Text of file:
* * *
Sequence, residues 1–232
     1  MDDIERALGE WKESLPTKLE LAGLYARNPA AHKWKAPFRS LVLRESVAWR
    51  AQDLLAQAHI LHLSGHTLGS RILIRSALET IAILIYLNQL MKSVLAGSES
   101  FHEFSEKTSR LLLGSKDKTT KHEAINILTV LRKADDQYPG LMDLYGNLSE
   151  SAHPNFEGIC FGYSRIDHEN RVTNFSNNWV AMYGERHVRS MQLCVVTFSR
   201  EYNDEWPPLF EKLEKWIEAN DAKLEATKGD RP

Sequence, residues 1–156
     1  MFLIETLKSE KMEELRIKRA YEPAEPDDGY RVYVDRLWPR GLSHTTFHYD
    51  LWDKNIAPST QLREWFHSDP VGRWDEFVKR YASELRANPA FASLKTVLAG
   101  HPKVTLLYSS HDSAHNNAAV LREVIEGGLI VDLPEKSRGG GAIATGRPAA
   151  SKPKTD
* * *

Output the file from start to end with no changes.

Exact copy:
Sequence, residues 1–232
     1  MDDIERALGE WKESLPTKLE LAGLYARNPA AHKWKAPFRS LVLRESVAWR
    51  AQDLLAQAHI LHLSGHTLGS RILIRSALET IAILIYLNQL MKSVLAGSES
   101  FHEFSEKTSR LLLGSKDKTT KHEAINILTV LRKADDQYPG LMDLYGNLSE
   151  SAHPNFEGIC FGYSRIDHEN RVTNFSNNWV AMYGERHVRS MQLCVVTFSR
   201  EYNDEWPPLF EKLEKWIEAN DAKLEATKGD RP

Sequence, residues 1–156
     1  MFLIETLKSE KMEELRIKRA YEPAEPDDGY RVYVDRLWPR GLSHTTFHYD
    51  LWDKNIAPST QLREWFHSDP VGRWDEFVKR YASELRANPA FASLKTVLAG
   101  HPKVTLLYSS HDSAHNNAAV LREVIEGGLI VDLPEKSRGG GAIATGRPAA
   151  SKPKTD